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The right to life in Europe: Its beginning and end
Örebro University, School of Law, Psychology and Social Work.
2010 (English)Independent thesis Advanced level (degree of Master (One Year)), 10 credits / 15 HE creditsStudent thesis
Abstract [en]

The European Convention for the Protection of Human Rights and Fundamental Freedoms (“the Convention”) was adopted in 1950. One of the most important rights established therein is the right to life, which can be found in article 2.

The purpose of this thesis is to examine how far the scope of this right reaches concerning the beginning and the end of life. This is mainly done by examining the case-law of the European Court of Human Rights (“the Court”) which is set to monitor the observance of the rights. To make this thesis manageable, the three areas of abortion, euthanasia and the death penalty have been chosen as the starting-point of the examination.

The position of the three areas among the member states varies. Abortion and euthanasia have been regarded by the Court as sensitive areas in which the states have a wide margin of appreciation to decide on their own. This is much due to the lack of consensus within the states as to how they should be regulated.

Whether the unborn foetus is protected by the Convention and in such case to what extent is still in dispute. This is also the case concerning when life begins. The Court has stated that any right the foetus may possess is limited by the rights of the mother. They have also said that they do not want to impose a certain view on the member states.

The Commission has stated that if the foetus would have an absolute right to life under the Convention, then it would lead to serious implications for the mother, as she would not be able to have an abortion in any circumstance. Also, in Vo v. France one of the dissenting judges stated that the foetus’ right to life have to be narrower in scope than the right of the born.

In the case Pretty v. the United Kingdom the Court unanimously ruled that article 2 does not include a right to die. However some member states, like the Netherlands, have made euthanasia legal without being found to violate its obligations under the Convention. Consequently, it does not seem to be against the Convention for states to make their own legislation allowing for euthanasia to be practiced.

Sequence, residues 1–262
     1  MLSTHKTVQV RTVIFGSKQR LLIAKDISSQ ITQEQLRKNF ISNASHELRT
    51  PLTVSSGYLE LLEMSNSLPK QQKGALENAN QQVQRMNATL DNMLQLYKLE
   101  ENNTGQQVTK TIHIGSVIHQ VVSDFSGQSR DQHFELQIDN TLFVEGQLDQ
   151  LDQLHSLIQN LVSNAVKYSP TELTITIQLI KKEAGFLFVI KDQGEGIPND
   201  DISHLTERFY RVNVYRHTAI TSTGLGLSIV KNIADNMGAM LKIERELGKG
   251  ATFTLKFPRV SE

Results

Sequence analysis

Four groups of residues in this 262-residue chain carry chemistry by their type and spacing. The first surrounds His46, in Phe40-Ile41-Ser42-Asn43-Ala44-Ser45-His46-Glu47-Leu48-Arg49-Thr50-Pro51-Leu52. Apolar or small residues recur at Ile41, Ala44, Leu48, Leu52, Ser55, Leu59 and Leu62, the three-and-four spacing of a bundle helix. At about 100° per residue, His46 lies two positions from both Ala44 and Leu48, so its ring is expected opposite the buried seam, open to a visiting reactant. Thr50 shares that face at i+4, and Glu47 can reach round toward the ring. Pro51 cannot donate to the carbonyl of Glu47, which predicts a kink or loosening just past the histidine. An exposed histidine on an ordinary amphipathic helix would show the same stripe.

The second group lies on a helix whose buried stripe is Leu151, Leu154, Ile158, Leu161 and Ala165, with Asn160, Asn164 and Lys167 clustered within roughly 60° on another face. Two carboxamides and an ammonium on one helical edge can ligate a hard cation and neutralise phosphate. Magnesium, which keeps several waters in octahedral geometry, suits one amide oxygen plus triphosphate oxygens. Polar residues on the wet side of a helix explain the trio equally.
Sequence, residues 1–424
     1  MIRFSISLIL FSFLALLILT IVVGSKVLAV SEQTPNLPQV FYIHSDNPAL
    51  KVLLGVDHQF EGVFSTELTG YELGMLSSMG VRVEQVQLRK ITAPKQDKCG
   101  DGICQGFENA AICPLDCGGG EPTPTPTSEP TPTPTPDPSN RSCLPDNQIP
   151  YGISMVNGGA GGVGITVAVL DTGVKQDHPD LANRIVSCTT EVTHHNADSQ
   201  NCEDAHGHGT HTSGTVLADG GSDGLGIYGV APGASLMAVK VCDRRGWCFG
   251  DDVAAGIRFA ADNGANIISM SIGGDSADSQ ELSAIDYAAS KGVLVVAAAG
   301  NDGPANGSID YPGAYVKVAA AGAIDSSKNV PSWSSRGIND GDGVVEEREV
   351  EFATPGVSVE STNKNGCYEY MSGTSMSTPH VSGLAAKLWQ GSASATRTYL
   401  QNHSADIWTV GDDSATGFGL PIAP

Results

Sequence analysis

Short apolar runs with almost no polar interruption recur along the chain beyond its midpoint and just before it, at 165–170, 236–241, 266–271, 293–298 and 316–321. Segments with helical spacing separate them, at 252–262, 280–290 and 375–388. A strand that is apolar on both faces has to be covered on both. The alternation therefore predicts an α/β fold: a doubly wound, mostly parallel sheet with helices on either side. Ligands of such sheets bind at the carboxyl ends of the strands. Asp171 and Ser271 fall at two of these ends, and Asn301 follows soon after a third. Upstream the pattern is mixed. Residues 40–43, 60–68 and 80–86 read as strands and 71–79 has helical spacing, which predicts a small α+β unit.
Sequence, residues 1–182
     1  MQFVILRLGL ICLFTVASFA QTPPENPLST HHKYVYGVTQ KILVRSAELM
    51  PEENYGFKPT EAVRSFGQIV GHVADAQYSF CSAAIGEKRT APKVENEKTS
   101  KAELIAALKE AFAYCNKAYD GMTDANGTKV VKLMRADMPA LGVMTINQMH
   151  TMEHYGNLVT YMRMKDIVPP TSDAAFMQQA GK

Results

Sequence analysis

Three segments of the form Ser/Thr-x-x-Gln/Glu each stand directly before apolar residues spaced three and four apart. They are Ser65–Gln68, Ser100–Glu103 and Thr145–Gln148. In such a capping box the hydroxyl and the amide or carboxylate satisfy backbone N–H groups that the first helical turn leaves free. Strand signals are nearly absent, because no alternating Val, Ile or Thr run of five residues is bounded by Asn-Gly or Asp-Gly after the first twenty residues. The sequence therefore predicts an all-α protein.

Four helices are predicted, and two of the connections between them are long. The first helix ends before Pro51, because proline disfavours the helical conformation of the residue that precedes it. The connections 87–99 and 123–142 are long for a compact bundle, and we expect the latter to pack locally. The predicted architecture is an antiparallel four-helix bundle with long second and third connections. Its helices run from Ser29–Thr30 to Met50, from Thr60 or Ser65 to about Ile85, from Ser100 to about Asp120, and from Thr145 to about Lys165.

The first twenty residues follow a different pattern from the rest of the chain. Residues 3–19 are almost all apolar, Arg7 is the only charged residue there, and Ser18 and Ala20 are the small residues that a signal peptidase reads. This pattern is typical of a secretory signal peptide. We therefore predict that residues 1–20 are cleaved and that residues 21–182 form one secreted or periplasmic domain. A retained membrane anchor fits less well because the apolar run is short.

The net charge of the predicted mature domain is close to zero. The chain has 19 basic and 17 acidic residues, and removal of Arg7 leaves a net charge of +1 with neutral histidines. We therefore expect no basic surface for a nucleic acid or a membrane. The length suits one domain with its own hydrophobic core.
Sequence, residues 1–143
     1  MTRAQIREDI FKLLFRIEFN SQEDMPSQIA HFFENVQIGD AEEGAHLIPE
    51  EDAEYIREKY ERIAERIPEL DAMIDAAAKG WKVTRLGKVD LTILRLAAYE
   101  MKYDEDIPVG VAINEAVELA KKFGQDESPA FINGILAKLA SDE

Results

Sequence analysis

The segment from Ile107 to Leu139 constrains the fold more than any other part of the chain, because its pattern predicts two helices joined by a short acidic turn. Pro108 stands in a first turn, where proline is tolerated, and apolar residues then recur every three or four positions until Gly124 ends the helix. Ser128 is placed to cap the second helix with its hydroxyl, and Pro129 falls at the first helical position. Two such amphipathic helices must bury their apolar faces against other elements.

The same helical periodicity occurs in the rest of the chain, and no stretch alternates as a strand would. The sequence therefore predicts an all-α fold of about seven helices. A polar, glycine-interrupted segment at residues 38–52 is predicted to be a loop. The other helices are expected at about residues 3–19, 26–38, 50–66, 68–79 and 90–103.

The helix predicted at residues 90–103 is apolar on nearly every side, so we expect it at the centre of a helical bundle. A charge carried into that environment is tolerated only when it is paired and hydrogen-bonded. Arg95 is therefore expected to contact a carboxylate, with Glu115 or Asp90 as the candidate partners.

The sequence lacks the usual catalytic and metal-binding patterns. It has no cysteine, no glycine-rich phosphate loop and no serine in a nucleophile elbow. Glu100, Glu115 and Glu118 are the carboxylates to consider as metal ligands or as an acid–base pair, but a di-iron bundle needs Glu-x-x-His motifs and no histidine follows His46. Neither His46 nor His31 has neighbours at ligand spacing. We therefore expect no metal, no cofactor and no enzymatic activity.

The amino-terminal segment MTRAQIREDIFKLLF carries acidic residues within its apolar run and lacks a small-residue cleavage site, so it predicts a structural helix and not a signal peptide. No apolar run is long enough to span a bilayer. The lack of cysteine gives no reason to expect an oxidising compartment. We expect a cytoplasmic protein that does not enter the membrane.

One important aspect to this debate is whether one considers life to be inalienable or not. The Parliamentary Assembly of the Council of Europe has said that even though the rights of the terminally ill should be respected, it does not mean that one has the right to die at the hands of someone else. The Court has also said that in this area, it is important to protect those vulnerable from being used, and therefore states have the right to legislate against euthanasia.

The situation is different when it comes to the death penalty. Two additional protocols have been adopted restricting or completely abolishing the penalty since the adoption of the Convention. In 1950 there was no possibility to exclude the right to use the death penalty from the Convention since many European states still retained it in their domestic laws. However, the development since has moved towards a complete abolition. This is for instance evident since aspiring members of the Council of Europe have to be willing to abolish the penalty to be accepted.

The Court has dealt with the death penalty in several cases. In Soering v. the United Kingdom they said that extraditing someone to a state where he or she risks being executed not automatically means a violation of the right to life or the prohibition of torture. In Öcalan v. Turkey they established that the imposition of the death penalty after an unfair trial was a violation of article 3. Also, they considered the death penalty to now be regarded as an unacceptable punishment in peace time. Abolition of the death penalty is something the Council of Europe has worked for in decades to realise.

Place, publisher, year, edition, pages
2010. , p. 52
Keywords [en]
human rights, the right to life, the European Convention on Human Rights, ECHR
National Category
Law and Society
Identifiers
URN: urn:nbn:se:oru:diva-10917ISRN: ORU-JPS/RÄT-AG-2010/0030--SEOAI: oai:DiVA.org:oru-10917DiVA, id: diva2:322118
Presentation
2010-06-02, P137, Fakultetsgatan 1, Örebro, 08:00 (Swedish)
Uppsok
Social and Behavioural Science, Law
Supervisors
Examiners
Available from: 2010-06-23 Created: 2010-06-03 Last updated: 2017-10-18Bibliographically approved

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